1. Buying: The Poor Play Of The Buccaneers’ Offense

Jameis Winston’s professional debut didn’t go as planned. Winston finished 16 of 32 for 210 yards, two touchdowns and two interceptions. On his first professional pass, Winston through an interception which was returned for a touchdown.

I know they didn’t have Mike Evans, but I expect the Buccaneers offense to play like this all season long. Winston was sacked four times and hit many more. Midway through the third quarter, the team had a mere -2 yards from scrimmage for the second half. Winston routinely made bad decisions with the football, under throwing receivers and rushing throws; something I expect out of a young quarterback playing with one of the worst offensive lines in the NFL. The Buccaneers were an abysmal 3 for 14 (21%) on third down conversions.


  1. Not Buying: The Poor Play Of The Seahawks Offensive Line

The two time defending NFC champs’ offensive line looks completely different than the previous two seasons. Only Russell Okung and J.R Sweezy are playing positions in which they have experience at. The three other starters, Justin Britt (LG), Drew Nowak (Center), and Gary Gilliam (RT), were all making their first career starts at the respective positions. So with an inexperienced offensive line going up against an extremely tough Rams’ defense, shouldn’t we have expected the offensive line would struggle? The answer; Yes.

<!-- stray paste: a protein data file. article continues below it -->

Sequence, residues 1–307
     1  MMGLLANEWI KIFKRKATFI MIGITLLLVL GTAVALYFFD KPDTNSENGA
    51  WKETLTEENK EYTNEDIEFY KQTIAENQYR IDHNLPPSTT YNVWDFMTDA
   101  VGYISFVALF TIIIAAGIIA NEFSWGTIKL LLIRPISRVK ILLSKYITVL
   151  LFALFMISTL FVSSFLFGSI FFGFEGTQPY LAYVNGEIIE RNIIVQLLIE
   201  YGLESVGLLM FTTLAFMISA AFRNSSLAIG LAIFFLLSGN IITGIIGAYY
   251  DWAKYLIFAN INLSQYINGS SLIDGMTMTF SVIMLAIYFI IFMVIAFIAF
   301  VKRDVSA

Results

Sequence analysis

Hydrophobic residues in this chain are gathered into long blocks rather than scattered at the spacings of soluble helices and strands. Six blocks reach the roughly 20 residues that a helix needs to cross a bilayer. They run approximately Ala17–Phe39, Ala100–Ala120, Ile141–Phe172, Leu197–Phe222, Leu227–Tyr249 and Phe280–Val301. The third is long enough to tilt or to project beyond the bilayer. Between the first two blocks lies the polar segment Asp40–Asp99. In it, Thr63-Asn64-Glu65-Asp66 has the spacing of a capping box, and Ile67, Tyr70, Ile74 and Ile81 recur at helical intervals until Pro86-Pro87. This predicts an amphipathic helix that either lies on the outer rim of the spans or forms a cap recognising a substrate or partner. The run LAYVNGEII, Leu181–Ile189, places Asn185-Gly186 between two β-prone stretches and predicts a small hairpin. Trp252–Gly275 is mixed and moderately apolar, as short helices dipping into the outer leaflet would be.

The offensive line is young; it’s going to take a few weeks for them to jell. They lost Max Unger in the offseason, arguably the best center in the NFL. Filling that void is going to take some time. We have to be patient; the Seahawks will figure it out.


  1. Buying: The Rams’ Defensive Line

The Rams’ defensive line is the best in the NFL. Chris Long, Aaron Donald, Robert Quinn, and Michael Brockers are a deadly combo for any offensive line. Yesterday, they constantly brought pressure to Russell Wilson, sacking him six times. They held Marshawn Lynch to 73 yards rushing and on 4th and 1 in overtime sealed the victory, by stopping Lynch. The line had seven tackles for loss and batted down four of Wilson’s passes. The Rams’ success runs through their defensive line.


  1. Not Buying: The Poor Play Of The Texans‘ Defense

The Texans’ were embarrassed in the first half yesterday, giving up 27 first half points to Alex Smith and the Kansas City Chiefs. Smith threw for 243 yards and three touchdowns. How can a team with J.J Watt and Jadeveon Clowney allow Alex Smith to throw for three touchdowns? Well, when you’re on the field as much as the Texans’ defense was it seems very likely that this could happen.

In the first half, the Texans offense was almost non-existent. Their defense was on the constantly on the field, working with little to no room for era, as the turnovers gave the Chiefs a short field to work with. This game was much more indicative of how bad the Texans’ offense is without Arian Foster, rather than their defense being overrated.

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Sean Mason

Spark Sports NFL Analyst